Razor sharp. Wide aperture. No distortion. Minimal falloff. Dust- and splash-proof design. Focus limiter switch. Available for Canon, Nikon, and Sigma systems.
Quite heavy. Expensive. Omits optical stabilization. May require focus adjustment.
- Bottom Line
The Sigma 135mm F1.8 DG HSM Art is a lens that portrait photographers will adore: It blurs backgrounds with aplomb and is one of the sharpest we've ever tested.
Sigma's Art series of lenses has established itself as a go-to third-party option for photographers thanks to excellent optics and, for the most part, very attractive prices. The 135mm F1.8 DG HSM Art ($1,399) delivers on image quality, but it's also as (or more) expensive than the closest lenses from Canon and Nikon. Thankfully it backs up its price with phenomenal performance, so we're naming it our Editors' Choice for photographers shopping for a prime lens in this focal length.
The 135mm F1.8 is fairly squat, about 4.5 by 3.6 inches (HD), but very heavy for its size, at 2.6 pounds. Its front element is big, supporting 82mm filters. Sigma includes front and rear caps, a reversible hood, and a soft carrying case. The lens itself is available in versions for Canon (EF), Nikon (F), and Sigma (SA) cameras.
The outer lens barrel is metal, sturdy and cool to the touch. Sigma includes a seal at the mount point in the design, and promises that the 135mm is protected from dust and splashes. I used it in a very dusty environment and survived without getting any sort of particulates inside the camera.
There's no optical stabilization—it's a feature frequently found on telephoto zooms, but not on prime lenses in this range. It's a concern if you're using the lens in dim light and want to keep the aperture stopped down a bit—a stabilized 70-200mm f/2.8 is a better choice in that scenario—and you can forget about handheld video. We'd consider it more of an issue if there was a similar prime lens out there with stabilization, but there simply isn't. The closest you'll find are stabilized f/2.8 macro lenses, like the AF-S VR Micro-Nikkor 105mm f/2.8G IF-ED and the Canon EF 100mm f/2.8L Macro IS USM.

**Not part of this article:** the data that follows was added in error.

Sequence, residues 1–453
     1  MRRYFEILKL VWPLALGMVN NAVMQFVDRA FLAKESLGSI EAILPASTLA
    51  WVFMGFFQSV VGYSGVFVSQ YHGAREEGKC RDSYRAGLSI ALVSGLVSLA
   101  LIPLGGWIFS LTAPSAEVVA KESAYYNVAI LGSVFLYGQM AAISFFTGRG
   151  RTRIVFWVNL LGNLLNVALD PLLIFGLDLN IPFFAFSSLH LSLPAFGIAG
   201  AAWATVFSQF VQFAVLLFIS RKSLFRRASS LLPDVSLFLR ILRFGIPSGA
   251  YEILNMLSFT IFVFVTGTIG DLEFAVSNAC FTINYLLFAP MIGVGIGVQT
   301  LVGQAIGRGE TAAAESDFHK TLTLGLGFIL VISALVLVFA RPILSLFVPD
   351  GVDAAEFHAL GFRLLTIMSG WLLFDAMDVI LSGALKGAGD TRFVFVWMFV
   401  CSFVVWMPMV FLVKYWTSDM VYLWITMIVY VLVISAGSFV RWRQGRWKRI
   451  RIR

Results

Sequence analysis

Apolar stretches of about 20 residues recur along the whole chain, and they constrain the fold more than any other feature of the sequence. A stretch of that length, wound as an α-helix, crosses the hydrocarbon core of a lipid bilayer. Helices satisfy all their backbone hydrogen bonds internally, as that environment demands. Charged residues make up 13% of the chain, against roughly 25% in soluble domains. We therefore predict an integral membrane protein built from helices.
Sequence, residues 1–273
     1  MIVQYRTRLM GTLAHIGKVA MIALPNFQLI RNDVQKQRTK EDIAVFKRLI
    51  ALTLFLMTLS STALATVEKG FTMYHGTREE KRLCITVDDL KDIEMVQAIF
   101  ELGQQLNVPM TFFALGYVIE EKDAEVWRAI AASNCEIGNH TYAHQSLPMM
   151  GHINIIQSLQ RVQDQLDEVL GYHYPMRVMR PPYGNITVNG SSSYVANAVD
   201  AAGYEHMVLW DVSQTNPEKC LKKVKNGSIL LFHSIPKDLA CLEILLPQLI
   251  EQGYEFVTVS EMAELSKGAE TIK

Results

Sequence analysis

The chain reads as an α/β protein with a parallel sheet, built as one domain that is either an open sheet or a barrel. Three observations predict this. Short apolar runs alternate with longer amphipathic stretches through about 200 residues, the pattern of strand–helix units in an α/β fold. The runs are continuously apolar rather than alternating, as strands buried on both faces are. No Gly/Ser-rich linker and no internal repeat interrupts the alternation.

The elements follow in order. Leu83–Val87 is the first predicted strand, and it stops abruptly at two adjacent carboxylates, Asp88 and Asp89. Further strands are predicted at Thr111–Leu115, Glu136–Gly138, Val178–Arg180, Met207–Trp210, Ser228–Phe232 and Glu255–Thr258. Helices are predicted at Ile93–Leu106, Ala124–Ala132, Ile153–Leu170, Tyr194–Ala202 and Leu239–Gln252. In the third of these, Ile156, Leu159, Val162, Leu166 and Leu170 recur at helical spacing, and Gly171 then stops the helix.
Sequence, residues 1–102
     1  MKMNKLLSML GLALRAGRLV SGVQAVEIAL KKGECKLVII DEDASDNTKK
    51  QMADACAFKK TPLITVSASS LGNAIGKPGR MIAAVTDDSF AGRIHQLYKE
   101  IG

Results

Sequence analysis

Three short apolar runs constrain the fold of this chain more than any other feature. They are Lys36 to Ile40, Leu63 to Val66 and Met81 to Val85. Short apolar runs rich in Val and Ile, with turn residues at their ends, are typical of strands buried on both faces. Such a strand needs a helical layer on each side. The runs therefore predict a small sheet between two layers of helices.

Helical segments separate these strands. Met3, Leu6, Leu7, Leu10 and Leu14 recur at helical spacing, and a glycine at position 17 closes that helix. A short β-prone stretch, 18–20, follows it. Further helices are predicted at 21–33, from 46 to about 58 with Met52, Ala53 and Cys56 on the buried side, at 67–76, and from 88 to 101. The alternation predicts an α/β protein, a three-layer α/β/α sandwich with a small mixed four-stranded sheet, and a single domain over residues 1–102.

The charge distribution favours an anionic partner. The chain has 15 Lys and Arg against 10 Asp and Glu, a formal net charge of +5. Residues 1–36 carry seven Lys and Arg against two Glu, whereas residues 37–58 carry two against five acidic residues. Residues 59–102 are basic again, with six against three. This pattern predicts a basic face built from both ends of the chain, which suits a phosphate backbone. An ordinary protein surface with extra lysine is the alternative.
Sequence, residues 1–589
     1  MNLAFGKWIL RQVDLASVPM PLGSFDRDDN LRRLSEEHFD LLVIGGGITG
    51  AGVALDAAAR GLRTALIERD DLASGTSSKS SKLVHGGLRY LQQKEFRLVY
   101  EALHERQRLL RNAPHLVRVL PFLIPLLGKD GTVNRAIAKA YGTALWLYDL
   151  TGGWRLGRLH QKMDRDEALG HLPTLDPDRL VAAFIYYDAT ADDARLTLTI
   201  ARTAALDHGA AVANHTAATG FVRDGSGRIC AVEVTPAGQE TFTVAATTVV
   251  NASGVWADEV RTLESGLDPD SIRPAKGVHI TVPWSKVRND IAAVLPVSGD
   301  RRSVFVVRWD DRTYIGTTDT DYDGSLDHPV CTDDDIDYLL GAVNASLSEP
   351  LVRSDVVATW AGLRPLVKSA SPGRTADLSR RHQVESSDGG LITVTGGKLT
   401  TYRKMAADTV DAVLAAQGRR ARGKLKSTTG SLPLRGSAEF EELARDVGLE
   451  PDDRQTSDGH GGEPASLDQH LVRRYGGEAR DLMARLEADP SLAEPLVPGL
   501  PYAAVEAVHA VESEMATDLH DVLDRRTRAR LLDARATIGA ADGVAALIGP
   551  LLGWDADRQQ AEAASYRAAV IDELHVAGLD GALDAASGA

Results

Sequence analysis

Despite not bearing a macro designation, the 135mm Art has a pretty good close focus range. It can lock onto subjects as near as 2.9 feet (88cm). That means you can project subjects onto the image sensor at 1:4.3 life-size. The lens has a focus limiter switch to reduce the time the autofocus system will hunt for a lock—it can be set at close range only (0.88 to 1.5m), at long range only (1.5m to infinity), or for the entire range of focus. I didn't feel the need to use it—the lens focuses very quickly—but it's there if you need it.
The only other control switch is the AF/MF toggle. Of course, you can override autofocus at any time simply by turning the manual focus ring. It occupies a good portion of the barrel and is finished in textured rubber so it's comfortable to turn, even on cold days. There's a corresponding scale to let you know at what distance the lens is focused.
We tested the Nikon version of the lens along with the 45.7MP D850. One thing to remember when buying any lens, not just third-party options, is that focus might not be spot on with your SLR body out of the box, and that was the case here. The extremely shallow depth of field that a 135mm f/1.8 design delivers certainly compounds the issue, because even a slight wonkiness in focus will be very visible in an image.